Flexibility in Long Term Care Planning
“This is my plan and I’m sticking to it—for now.”
When planning for long term care and considering long term care insurance, most people know where they would like to receive their care. However, Covid-19 may be changing these preferences and the options available.
There was a time when home care only policies were all the rage—purchased by people wanting to make sure they’d receive their care in the comfort of their own home.
Clearly, it’s human nature to bring our care preferences into long term care insurance policy design. Decades ago, nursing home only policies were popular…perhaps because fewer women worked outside the home than do so today, leaving many available to fill the role of in-home unpaid caregiver. Why buy insurance for home care if that wasn’t an expense you thought you’d ever incur?
Thus, for many years, long term care was received either in the home or in a nursing home. In fact, assisted living facilities didn’t exist until 1980 and weren’t popular until about 2000!
By contrast, what we’ve seen in recent history is a virtual explosion in the choices and settings available for privately-paid long term care. In response, modern long term care insurance policy terms have evolved to typically cover care in a variety of settings— from in-home care to facility care.
In fact, many people have found assisted living facilities or continuing care retirement communities preferable to even home care. Reasons given include built-in social opportunities, meal prep, and housekeeping, to name a few.
Now, however, a recent survey of 1000 family caregivers, with a focus on Covid-19, reported that 50% of respondents said they were less likely or definitely won’t use in-facility care. Sixty-five percent agreed that facing the ongoing threat of the virus and seeing how the pandemic has affected the elderly have “completely changed their opinions about the best way to care for aging seniors”.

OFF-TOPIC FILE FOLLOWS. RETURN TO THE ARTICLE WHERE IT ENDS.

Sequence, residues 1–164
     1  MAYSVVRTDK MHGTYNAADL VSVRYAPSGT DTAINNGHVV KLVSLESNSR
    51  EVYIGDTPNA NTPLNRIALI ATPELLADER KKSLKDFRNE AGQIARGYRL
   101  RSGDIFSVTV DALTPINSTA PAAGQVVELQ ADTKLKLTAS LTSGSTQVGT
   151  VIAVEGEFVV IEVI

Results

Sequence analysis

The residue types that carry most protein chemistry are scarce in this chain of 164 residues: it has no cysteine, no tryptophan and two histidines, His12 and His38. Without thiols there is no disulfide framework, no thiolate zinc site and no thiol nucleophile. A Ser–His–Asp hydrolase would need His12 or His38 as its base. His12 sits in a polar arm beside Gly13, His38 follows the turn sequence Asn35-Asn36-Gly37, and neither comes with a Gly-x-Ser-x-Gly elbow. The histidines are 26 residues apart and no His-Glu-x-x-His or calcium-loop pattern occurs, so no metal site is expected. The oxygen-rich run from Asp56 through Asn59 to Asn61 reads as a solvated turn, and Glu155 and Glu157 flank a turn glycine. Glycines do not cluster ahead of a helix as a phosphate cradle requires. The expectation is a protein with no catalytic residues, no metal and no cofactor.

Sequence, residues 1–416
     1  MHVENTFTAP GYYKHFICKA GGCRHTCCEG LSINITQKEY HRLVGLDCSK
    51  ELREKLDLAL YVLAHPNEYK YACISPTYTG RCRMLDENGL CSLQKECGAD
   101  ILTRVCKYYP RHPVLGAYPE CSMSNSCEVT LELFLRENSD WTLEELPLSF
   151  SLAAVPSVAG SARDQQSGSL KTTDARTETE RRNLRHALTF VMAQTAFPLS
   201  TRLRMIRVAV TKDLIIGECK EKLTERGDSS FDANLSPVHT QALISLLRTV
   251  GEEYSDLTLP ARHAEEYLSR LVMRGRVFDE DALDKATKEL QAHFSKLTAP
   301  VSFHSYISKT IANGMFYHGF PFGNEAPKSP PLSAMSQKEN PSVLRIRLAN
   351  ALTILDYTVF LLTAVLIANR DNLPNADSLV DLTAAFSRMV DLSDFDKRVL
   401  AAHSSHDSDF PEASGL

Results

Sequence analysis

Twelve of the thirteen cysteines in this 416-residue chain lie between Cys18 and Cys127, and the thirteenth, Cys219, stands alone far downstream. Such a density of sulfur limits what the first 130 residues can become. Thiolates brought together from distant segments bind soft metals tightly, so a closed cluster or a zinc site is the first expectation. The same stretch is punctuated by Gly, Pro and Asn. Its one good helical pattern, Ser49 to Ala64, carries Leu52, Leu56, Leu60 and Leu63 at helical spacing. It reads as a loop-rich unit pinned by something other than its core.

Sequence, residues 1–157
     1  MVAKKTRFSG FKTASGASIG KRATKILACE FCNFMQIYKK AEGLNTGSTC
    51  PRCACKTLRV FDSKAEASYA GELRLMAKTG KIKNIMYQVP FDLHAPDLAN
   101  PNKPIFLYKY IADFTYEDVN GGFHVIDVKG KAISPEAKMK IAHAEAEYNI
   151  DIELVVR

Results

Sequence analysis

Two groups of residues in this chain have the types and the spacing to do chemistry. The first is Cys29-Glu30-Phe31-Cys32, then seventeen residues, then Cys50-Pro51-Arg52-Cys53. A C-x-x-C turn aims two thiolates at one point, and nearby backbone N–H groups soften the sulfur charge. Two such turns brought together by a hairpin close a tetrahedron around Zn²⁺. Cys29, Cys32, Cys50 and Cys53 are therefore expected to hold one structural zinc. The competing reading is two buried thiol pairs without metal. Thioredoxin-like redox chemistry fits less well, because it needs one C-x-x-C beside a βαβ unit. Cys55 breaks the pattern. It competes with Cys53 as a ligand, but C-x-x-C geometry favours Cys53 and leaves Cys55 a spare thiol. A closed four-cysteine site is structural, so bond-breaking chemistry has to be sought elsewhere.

Will this preference for home care hold up if the adults in the home stop working from home, or if college students are sent back to the household because of an outbreak on campus?
Whatever the future may hold, one thing we’ve learned is clear: because of the time horizon involved, flexibility should be built into advance long term care planning whenever it’s feasible. After all, one of the reasons people buy long term care insurance is to be able to cover care in any setting. Most insurance purchasers fervently want to avoid receiving their care in a Medicaid-paid bed, where the government program literally determines where they will live.
As the old saying tells us, money can’t buy happiness. But if you’re unhappy with your current long term care situation, long term care insurance claim funds may, to the extent that you can change your care, go a long way towards being happier.
Should you or anyone you know have questions about long term care planning, long term care insurance policies, or financial planning, please do not hesitate to reach out. Baygroup Insurance can be contacted at http://www.baygroupinsurance.com/forms/contact-us or call us at 410-557-7907 for more information.